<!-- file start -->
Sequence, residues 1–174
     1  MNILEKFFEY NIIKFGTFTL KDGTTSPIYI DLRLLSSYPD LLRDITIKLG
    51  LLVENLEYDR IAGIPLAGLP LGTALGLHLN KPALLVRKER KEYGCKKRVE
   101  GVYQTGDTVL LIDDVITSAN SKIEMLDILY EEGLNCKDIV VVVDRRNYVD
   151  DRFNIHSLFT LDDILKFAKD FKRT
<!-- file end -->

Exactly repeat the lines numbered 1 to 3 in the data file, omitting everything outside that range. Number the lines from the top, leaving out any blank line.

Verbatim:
Sequence, residues 1–174
     1  MNILEKFFEY NIIKFGTFTL KDGTTSPIYI DLRLLSSYPD LLRDITIKLG
    51  LLVENLEYDR IAGIPLAGLP LGTALGLHLN KPALLVRKER KEYGCKKRVE